Audit of Albemarle PD preceded Chief Dulin’s departure

City says report found no corruption and decision to retire was Dulin’s, but timing raises questions

ALBEMARLE — A contract between the City of Albemarle and U.S. Investigative Security Services Agency (ISS), obtained by Stanly County Journal through a public records request, reveals a narrow window between the completion of the ISS audit of the Albemarle Police Department and the announcement of Chief David Dulin’s retirement and hiring of a new interim chief, David Poston. 

ISS, based out of Huntersville, offers services that include internal affairs audits of law enforcement agencies. Both the original contract and final report of this audit were obtained by SCJ.  

The contract was signed April 29, 2021, by city manager Michael Ferris and by David Stephens, director of operations for ISS, with services to commence on May 4 at $150 per hour for each investigator involved.  

“The City agrees to employ ISS to provide review/auditing services to conduct an independent review of current Albemarle Police Department Internal Affairs complaint and investigative processes,” the contract stated. 

It later stated that after this review was completed, a report would be provided “with all of their findings as relates to the audit as well as any applicable policy change recommendations or improvements for best practices.” 

ISS submitted that final report on May 18, and three weeks later, on June 9, the city announced Dulin’s departure and that an interim chief had already been hired. The fact that Poston’s employment was already secured by the June 9 retirement announcement suggests a narrow window between the ISS report’s completion and the search for Dulin’s interim replacement.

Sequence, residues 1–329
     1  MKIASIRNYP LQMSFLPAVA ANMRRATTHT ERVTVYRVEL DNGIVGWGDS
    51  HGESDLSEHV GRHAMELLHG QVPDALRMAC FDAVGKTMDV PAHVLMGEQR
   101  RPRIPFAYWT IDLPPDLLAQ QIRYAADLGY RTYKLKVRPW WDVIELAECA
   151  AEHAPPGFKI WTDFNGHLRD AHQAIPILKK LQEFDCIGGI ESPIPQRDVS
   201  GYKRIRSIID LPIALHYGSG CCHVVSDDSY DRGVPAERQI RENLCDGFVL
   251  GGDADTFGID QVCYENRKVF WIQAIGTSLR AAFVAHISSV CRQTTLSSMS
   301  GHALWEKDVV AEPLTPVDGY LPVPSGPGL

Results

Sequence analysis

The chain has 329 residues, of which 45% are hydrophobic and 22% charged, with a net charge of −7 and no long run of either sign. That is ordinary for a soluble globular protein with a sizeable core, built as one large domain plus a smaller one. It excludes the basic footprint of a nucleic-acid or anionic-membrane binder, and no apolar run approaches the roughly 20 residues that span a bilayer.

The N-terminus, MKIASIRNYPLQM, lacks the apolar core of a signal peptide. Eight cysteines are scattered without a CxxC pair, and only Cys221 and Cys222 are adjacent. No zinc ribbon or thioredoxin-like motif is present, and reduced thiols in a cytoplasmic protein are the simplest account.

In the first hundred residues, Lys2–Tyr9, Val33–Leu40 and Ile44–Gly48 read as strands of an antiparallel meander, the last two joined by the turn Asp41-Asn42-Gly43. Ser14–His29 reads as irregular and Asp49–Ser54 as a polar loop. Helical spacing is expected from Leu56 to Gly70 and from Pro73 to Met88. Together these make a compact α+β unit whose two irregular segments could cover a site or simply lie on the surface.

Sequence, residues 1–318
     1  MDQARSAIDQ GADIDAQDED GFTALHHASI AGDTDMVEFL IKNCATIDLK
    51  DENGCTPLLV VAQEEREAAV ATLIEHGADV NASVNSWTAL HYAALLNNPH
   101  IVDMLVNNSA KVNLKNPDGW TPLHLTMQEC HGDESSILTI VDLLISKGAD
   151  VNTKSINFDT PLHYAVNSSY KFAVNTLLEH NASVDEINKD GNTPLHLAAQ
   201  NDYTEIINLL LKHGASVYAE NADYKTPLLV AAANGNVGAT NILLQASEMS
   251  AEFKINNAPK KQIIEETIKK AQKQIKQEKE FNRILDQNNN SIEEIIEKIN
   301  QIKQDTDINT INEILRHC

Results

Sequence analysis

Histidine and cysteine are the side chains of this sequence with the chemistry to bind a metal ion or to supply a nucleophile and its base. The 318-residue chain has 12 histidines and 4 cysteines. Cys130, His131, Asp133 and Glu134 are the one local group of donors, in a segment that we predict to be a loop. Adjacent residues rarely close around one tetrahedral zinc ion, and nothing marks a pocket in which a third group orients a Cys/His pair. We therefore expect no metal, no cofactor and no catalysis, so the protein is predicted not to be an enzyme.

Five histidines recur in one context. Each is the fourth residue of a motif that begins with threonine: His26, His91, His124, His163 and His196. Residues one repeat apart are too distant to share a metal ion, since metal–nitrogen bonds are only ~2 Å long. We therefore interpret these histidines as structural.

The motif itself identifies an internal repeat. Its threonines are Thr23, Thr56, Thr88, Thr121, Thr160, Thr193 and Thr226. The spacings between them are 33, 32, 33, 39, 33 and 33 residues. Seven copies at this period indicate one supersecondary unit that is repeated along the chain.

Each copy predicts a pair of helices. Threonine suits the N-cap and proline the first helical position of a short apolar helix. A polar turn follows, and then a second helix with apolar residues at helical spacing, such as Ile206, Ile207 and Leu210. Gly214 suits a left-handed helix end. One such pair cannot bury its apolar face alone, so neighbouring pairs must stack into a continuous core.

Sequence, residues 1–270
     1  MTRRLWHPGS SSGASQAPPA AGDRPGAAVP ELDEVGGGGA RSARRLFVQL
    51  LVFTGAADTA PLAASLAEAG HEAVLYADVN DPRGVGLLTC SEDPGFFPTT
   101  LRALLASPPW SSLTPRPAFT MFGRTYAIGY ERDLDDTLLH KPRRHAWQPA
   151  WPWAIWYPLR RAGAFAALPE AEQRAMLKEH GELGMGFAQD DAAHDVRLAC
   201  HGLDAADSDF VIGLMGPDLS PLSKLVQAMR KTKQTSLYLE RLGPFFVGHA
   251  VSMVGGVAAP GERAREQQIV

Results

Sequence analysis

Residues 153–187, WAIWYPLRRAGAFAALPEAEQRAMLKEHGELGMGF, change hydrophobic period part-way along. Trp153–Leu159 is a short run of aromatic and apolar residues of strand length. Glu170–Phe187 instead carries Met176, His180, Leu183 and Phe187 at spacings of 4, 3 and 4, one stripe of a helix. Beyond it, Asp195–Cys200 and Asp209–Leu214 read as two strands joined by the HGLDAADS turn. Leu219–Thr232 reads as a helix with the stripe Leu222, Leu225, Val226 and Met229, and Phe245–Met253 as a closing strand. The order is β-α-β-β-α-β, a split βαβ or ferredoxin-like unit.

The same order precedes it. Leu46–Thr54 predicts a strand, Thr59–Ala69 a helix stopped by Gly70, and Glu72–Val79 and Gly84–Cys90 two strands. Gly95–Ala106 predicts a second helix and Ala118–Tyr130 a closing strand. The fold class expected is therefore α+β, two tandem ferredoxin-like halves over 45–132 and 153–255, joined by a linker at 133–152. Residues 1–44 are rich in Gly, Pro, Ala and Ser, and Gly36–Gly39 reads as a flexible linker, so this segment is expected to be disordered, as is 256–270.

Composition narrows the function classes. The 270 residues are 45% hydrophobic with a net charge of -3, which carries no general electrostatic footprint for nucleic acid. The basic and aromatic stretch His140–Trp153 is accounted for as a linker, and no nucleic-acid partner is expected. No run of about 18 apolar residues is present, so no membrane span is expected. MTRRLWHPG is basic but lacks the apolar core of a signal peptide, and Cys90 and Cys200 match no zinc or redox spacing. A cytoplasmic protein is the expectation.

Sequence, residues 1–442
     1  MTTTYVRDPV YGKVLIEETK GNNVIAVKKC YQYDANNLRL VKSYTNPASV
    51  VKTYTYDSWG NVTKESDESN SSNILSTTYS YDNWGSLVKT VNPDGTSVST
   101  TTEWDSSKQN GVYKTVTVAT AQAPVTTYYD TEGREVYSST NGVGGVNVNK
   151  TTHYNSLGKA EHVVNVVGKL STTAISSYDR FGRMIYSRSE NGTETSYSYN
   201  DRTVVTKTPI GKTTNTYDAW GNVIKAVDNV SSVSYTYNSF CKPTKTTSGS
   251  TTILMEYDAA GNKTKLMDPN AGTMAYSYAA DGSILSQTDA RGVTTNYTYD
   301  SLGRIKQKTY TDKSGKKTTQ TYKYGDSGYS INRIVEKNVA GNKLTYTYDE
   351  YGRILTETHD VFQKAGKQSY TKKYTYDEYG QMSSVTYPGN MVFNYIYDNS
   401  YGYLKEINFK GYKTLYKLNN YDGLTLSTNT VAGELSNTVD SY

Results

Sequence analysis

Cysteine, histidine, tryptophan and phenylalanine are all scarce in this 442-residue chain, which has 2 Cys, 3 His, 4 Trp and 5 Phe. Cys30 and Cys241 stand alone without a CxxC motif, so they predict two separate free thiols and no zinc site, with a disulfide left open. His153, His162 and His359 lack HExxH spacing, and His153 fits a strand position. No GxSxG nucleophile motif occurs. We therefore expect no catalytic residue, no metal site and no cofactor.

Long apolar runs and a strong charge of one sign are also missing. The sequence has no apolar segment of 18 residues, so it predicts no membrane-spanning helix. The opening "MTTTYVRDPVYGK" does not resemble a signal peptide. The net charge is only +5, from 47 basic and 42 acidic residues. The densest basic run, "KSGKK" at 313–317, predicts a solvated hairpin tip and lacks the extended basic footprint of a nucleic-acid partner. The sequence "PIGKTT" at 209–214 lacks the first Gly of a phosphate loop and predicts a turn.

“The city routinely reviews each department’s policies, procedures and operations in an effort to improve the services offered,” Albemarle city attorney Britt Burch told SCJ on the reason for the audit. “This same type of review was conducted within the APD.” 

Many of the findings in the final report provided to SCJ were redacted.  

“Pursuant to North Carolina General Statute §160A-168, the report has been redacted to protect the privacy of employee personnel matters,” Burch told SCJ in an email. “It is important to note that the report did not uncover any corruption.” 

The report contained sections on pursuits, citizen complaints, internal complaints and use of force. The review was completed by ISS investigators Katherine Scheimreif and David Stephens. They interviewed “several members” of the APD, including Dulin, but the results were redacted to an extent where it was unclear whether the findings were of a positive or negative nature, often with entire pages blacked out.  

Examples include:  

  • “The Albemarle Police Department’s Internal Affairs process is currently [extended redaction]. As a basic foundation, this policy specifies that ‘minor’ complaints are handled [redacted] who encounter a citizen complaint such as ‘rudeness’, are permitted by policy to attempt to handle the complaint without any documentation. 
  • “Most cases that were reviewed by ISS revealed [extended redaction].”
  • “As an additional example of inappropriate adjudication and punishment [extended redaction].”

While ambiguous due to another redaction, the section giving policy recommendations seemed to suggest the APD’s policies were sufficient, but not always their application. 

“In closing, the policies presented by the Albemarle Police Department are adequate but must be utilized and properly applied [extended redaction].”  

Burch was clear, though, that “the report did not uncover any corruption,” and that Dulin himself made the decision to retire. 

“As I am sure you are aware, the city is legally restricted on what it can disclose about personnel matters. We cannot offer additional insight on discussions that took place prior to David Dulin’s retirement,” Burch said.  

She did suggest that a discussion was had with Dulin after the audit, saying, “As standard practice, findings from a departmental review are discussed with the leadership of the department.” 

Burch also made sure to highlight that the city council has no direct role in hiring or firing chiefs of police, a point also made to SCJ by Mayor Ronnie Michael in a phone interview.  

“The city manager has supervisory authority over all department heads and has the sole authority over personnel actions for the same,” Burch said. “In any event, Chief Dulin made the decision to retire.” 

SCJ reached out to Dulin for comment but did not hear back in time for publication.